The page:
Magnuson isn’t against using new technology, but he suggests using it in addition to—not instead of—observations from the shore.
“The new technology is really worth pursuing,” he said. “We may have to be careful how we do it, especially when we start attaching those to 100-, 150-year data sets.”
Shrinking ice seasons
Magnuson calls lake ice a “climatometer.”
While the records are less precise, it’s better than a standard weather station, Magnuson said: It’s easy to record and doesn’t require any instruments; it’s an integrated measure influenced by months of preceding weather patterns; and the records predate modern meteorological records.
According to those records, the ice season on Lake Mendota has shrunk by more than two weeks since the 1970s. The average so far this century—about 85 days—is more than a month shorter than it was in the 1800s.
That’s not unique to Madison lakes, Magnuson said.
Magnuson studied lake ice records from around the Northern Hemisphere, including one Japanese lake where holy men were writing down freeze and thaw dates as early as 1443.
What he found was consistently later freezes and earlier thaws between 1846 and 1995. While there is some evidence that ice cover was shrinking as early as the 16th century, Magnuson said the rate of change began to accelerate in the late 19th century, around the time of the second industrial revolution when coal and other fossil fuels became the dominant energy source.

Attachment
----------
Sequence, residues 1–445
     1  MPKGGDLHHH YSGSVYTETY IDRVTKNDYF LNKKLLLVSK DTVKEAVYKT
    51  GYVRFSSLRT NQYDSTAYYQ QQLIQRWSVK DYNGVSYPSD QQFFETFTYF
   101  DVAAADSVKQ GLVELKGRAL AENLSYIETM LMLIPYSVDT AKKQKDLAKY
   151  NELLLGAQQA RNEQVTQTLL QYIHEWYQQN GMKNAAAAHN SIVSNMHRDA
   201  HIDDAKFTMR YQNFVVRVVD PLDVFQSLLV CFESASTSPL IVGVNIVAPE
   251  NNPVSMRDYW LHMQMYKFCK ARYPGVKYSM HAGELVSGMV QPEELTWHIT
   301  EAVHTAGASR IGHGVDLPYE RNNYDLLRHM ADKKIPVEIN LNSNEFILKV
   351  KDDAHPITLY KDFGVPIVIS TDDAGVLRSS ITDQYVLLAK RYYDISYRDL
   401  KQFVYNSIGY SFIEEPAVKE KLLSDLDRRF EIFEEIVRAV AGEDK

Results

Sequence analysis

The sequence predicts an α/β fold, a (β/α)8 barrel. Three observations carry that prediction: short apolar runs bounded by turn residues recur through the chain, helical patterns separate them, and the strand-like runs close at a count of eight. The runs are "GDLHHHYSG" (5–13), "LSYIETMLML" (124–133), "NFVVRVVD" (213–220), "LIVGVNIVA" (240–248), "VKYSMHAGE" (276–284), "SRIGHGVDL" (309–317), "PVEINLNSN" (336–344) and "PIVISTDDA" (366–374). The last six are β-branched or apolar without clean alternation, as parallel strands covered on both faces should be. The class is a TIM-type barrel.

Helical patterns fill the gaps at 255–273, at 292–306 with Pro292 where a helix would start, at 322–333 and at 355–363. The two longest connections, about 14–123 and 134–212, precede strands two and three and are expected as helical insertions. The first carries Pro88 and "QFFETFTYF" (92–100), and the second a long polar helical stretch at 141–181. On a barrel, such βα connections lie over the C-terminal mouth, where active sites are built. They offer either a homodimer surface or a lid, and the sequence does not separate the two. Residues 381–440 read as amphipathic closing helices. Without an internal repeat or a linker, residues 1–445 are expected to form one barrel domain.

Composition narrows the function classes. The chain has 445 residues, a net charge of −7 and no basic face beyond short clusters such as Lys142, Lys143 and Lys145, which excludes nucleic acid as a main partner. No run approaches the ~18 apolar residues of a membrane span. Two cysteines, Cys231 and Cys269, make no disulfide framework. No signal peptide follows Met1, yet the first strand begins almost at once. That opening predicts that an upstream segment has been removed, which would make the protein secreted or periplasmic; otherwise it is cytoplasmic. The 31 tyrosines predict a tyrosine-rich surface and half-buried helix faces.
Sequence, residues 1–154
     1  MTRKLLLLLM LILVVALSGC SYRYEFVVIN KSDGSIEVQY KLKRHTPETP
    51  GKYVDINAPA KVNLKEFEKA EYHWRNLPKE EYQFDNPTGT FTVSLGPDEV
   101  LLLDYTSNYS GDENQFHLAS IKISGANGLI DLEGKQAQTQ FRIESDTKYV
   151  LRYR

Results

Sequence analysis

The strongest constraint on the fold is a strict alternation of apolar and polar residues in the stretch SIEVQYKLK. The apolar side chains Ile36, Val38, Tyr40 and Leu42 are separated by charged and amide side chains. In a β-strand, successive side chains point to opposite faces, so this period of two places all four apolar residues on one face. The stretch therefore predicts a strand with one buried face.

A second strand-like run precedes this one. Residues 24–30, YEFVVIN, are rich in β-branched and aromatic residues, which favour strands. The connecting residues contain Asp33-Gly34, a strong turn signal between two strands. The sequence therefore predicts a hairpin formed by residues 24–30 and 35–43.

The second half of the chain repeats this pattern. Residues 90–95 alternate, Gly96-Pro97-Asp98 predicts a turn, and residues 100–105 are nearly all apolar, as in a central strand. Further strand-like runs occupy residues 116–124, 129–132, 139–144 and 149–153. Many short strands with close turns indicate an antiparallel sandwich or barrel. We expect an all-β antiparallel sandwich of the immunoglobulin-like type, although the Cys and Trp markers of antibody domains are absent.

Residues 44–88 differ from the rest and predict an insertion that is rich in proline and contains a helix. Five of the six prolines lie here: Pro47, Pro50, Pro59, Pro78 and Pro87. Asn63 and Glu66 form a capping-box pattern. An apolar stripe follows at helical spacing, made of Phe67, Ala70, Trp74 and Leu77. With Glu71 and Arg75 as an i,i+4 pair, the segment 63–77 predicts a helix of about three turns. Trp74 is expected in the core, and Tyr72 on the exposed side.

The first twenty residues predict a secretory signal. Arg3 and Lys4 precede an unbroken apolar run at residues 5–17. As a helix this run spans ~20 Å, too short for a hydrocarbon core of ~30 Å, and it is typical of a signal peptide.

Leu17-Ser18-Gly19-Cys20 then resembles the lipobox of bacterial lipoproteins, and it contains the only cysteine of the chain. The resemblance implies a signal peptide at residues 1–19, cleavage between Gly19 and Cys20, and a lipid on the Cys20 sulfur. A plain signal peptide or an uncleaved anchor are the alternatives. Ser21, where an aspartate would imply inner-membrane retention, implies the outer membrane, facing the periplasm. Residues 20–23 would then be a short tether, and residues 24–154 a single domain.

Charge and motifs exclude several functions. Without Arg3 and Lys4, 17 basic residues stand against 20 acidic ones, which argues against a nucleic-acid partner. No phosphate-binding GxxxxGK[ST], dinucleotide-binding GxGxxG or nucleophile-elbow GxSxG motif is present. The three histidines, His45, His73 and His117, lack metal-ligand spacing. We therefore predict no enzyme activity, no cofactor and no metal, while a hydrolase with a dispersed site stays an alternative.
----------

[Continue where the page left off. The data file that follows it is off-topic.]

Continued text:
“It’s entirely consistent with what we would expect from global warming,” Magnuson said. “These ice records don’t tell us it was caused by greenhouse gases … but it’s consistent with that.”
Hopkins notes that ice seasons on Madison lakes are shrinking even faster over the past 50 years, coinciding with a 5-degree increase in low temperatures during winter months.
In the era of modern records, Lake Mendota has always frozen, but Magnuson expects there will come a time when it no longer does.
Magnuson said the most noticeable impacts will be on cultural activities such as ice fishing. But there would be profound changes below the surface.
On a stratified—or two-story lake—such as Mendota, the water mixes in spring and fall, cycling nutrients. Without ice cover, cycling could continue, altering the ecosystem.
“If it doesn’t freeze you have one continuous mixing period throughout the winter,” Magnuson said. “We don’t go very far down this road before we can’t separate what happens during the summer period from what happens in the winter.”